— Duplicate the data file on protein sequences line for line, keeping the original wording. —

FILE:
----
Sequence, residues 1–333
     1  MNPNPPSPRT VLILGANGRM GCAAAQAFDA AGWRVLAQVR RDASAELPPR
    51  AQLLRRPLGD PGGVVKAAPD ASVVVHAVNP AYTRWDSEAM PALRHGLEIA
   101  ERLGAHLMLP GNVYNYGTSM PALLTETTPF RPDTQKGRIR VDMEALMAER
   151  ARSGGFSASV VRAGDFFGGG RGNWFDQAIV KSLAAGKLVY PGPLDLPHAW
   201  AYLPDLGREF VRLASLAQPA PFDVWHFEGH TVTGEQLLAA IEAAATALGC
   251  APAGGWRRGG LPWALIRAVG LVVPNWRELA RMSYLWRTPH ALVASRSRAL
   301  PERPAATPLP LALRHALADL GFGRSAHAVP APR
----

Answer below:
Sequence, residues 1–333
     1  MNPNPPSPRT VLILGANGRM GCAAAQAFDA AGWRVLAQVR RDASAELPPR
    51  AQLLRRPLGD PGGVVKAAPD ASVVVHAVNP AYTRWDSEAM PALRHGLEIA
   101  ERLGAHLMLP GNVYNYGTSM PALLTETTPF RPDTQKGRIR VDMEALMAER
   151  ARSGGFSASV VRAGDFFGGG RGNWFDQAIV KSLAAGKLVY PGPLDLPHAW
   201  AYLPDLGREF VRLASLAQPA PFDVWHFEGH TVTGEQLLAA IEAAATALGC
   251  APAGGWRRGG LPWALIRAVG LVVPNWRELA RMSYLWRTPH ALVASRSRAL
   301  PERPAATPLP LALRHALADL GFGRSAHAVP APR